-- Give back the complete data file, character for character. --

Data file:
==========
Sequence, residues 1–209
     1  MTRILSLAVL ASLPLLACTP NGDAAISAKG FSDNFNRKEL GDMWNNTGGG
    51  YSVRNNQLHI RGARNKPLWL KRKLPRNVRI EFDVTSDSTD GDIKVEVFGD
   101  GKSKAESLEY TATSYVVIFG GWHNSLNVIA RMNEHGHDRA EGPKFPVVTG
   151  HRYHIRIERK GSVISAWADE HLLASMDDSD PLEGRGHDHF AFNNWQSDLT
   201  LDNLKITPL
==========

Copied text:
Sequence, residues 1–209
     1  MTRILSLAVL ASLPLLACTP NGDAAISAKG FSDNFNRKEL GDMWNNTGGG
    51  YSVRNNQLHI RGARNKPLWL KRKLPRNVRI EFDVTSDSTD GDIKVEVFGD
   101  GKSKAESLEY TATSYVVIFG GWHNSLNVIA RMNEHGHDRA EGPKFPVVTG
   151  HRYHIRIERK GSVISAWADE HLLASMDDSD PLEGRGHDHF AFNNWQSDLT
   201  LDNLKITPL